Category Archives: Chemistry

The dangers of acetaminophen

Recently, This American Life did an episode on how easy it is to overdose on acetaminophen (also called paracetamol in countries outside of the US). You can listen to the entire episode in the link below:

505: Use Only as Directed

What I find interesting is why this drug is so dangerous.

In the liver, there are a group of enzymes that oxidize many of the drugs and organic substances that enter your body. In fact, there are genes for 57 various types of these enzymes. These are called Cytochrome P450s.

Whenever you see warning labels like “don’t eat grapefruit with this drug,” it is usually because of the way the liver cytochromes are processing these compounds.

So, what happens when you take acetaminophen? Most of it is processed to a non-harmful compound. However, 5% of this drug is processed by a liver cytochrome known as CYP2E1. This 5% becomes a toxic compound (NAPQI). Generally, the liver can take care of this substance through a reaction with a compound known as glutathione. However, in cases of overdose, there is not enough glutathione to convert the bad NAPQI, and it hangs out in the liver and reacts with cellular membranes. Essentially, your liver cells are slowly killed.

Noncontact Atomic Force Microscope Shows Molecular Reformation

 

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High-Resolution Images of a Molecule as it Breaks and Reforms

Using a very neat technique, scientists were able to image a chemical reaction. I would suggest taking a look at the article, especially if those stick drawings of organic chemicals always intrigued you.

What this lab has done is use an atomic force microscope (AFM) to detect atoms and forces between the bonds during a chemical reaction. The resulting images through the process are fascinating.

Exploding Capacitors

What happens when you hook a capacitor to a voltage source backwards?

Explosions!

The labs were one of my favorite parts of electrical engineering. Of course building things was fun, but some of my memories of lab were of breaking/exploding/burning things. Chemists think they have all the fun, but really, it’s the electrical engineers that have all the fun. I’ve taken many chemistry labs outside of engineering. While I enjoyed making esters and beautiful dyes, the most fun shenanigans to be had existed in the electrical engineering labs.

Often times during a lab session, this odor of burnt electronics wafts through the hallways. There are many things to destroy. Capacitors, diodes, resistors—they are all fair game in an undergraduate electronics course. I’ve also tried various food items in electronic circuits as well. Marshmallows are fairly uninteresting, but if you find a nice salty watery food like a pickle, you are in for a treat. Yes, the halls of the electrical engineering wing are always filled with the faint smell of burning.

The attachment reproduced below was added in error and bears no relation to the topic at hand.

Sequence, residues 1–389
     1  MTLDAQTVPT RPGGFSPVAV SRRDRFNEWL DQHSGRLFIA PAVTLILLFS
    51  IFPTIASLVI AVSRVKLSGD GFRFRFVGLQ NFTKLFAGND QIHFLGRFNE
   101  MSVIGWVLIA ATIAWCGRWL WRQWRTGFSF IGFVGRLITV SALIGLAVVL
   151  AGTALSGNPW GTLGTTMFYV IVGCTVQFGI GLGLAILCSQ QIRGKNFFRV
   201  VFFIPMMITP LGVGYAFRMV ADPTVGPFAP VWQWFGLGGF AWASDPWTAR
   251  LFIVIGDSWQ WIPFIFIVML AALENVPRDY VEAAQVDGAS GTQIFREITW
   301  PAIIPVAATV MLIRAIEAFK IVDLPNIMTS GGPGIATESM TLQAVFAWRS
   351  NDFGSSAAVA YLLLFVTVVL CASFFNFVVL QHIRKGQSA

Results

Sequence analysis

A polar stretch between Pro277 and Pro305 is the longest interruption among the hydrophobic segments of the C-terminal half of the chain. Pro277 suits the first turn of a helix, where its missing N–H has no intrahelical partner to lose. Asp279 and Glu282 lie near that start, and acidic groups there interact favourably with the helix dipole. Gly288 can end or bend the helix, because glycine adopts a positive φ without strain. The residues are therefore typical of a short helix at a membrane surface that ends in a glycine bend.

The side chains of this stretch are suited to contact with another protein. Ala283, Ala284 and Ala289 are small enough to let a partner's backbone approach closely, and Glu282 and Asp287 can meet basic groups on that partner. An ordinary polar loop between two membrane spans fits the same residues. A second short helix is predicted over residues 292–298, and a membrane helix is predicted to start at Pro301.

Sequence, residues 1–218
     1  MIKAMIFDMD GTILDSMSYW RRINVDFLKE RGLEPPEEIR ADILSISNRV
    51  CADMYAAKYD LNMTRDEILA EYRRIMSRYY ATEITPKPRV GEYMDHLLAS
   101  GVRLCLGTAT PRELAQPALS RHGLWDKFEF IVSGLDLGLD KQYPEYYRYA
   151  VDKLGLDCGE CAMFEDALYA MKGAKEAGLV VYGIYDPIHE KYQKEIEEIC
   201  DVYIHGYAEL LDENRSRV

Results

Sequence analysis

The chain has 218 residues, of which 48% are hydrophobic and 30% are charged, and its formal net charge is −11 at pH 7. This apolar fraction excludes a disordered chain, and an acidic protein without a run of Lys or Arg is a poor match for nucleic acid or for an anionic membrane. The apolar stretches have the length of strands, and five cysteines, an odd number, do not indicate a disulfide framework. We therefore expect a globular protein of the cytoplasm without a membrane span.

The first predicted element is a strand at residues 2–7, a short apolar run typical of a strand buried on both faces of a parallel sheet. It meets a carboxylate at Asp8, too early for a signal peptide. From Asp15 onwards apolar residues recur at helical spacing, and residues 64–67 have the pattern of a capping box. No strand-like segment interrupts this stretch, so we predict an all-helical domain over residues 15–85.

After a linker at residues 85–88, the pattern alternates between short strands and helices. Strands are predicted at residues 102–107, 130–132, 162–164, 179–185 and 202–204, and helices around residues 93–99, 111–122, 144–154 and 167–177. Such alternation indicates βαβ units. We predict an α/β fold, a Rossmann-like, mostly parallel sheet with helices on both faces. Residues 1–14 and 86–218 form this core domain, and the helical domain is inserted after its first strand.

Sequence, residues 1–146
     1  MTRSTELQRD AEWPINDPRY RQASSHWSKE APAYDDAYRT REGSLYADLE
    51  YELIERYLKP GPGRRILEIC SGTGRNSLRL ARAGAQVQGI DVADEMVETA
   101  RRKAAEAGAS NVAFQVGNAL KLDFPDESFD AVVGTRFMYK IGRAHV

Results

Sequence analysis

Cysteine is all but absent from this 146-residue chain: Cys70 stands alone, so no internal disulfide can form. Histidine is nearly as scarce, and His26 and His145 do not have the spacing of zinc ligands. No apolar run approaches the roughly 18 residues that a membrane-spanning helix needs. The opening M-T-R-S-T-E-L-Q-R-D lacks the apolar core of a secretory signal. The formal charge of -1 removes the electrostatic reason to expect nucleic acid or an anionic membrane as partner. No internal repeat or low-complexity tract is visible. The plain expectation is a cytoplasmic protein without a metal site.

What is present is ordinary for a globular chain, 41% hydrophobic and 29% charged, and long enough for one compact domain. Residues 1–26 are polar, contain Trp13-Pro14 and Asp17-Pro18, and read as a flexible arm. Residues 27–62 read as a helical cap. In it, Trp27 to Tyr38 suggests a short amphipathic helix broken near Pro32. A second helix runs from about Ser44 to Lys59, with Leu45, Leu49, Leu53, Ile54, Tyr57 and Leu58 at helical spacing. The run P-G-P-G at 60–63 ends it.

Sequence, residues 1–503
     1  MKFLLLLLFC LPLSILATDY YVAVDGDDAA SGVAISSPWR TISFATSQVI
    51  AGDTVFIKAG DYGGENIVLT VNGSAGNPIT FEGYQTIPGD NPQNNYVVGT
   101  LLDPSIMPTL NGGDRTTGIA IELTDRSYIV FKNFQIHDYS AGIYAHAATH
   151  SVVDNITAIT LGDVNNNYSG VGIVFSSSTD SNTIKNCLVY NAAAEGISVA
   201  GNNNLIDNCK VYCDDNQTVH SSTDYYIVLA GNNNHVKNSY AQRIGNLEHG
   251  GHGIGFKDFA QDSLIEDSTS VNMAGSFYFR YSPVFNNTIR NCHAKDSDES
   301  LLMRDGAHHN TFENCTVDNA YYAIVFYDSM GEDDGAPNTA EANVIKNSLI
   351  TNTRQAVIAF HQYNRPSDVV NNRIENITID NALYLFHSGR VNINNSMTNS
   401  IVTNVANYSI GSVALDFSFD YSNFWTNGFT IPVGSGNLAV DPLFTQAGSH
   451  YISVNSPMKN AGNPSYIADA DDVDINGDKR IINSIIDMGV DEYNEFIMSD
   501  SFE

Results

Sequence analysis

Encountering the Aurora

“Wow,” I thought to myself, as I saw the Aurora fluttering through the sky. I grabbed my camera with my shivering hand and begin to point and click numerous times. I definitely did not succeed in taking any viable pictures on my first time viewing the magnificent aurora. I didn’t succeed the second night either…

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Upon my first time seeing the Aurora, I immediately felt this ethereal connection to previous humans who had claimed the Aurora were sky spirits. My scientific brain took over as I realized I was making a spiritual connection to a chemical reaction in the sky.

What are the Aurora?

There are actually several kinds of Aurora that we can see with the human eye. The image I posted is of the green line aurora. This type of aurora is caused by an emission by an electron moving from an excited state to a lower electronic state in an oxygen atom. There are three reactions that take place to cause this electronic emission of green light.

1) Energy transfer between N2 and O

2) Dissociative recombination of O2+ + e

3) Direct excitation of atomic oxygen by ambient energetic electrons

When the earth’s magnetic field is disrupted by solar winds, ions are displaced to the lower atmosphere in excess. This influx of added ions and electrons is what cause increased chemical reactions during the aurora.

Capturing the Aurora

The photographs I took of the aurora on my first attempt were just black dark shots of nothing. I managed to get strange faint green wisp in one of the shots, but aside from that, the pictures were really just blank.

After being directed to a website about photography, and getting encouragement to try and take decent pictures, I caved and bought a new camera. It was the cheapest camera to be found that took extended exposure photographs. Alas, after increasing the exposure and sensitivity to light, I captured the aurora.

I still have a ways to go before I take stunning and crisp pictures, but it’s certainly a step away from my previous label of stunningly bad photographer.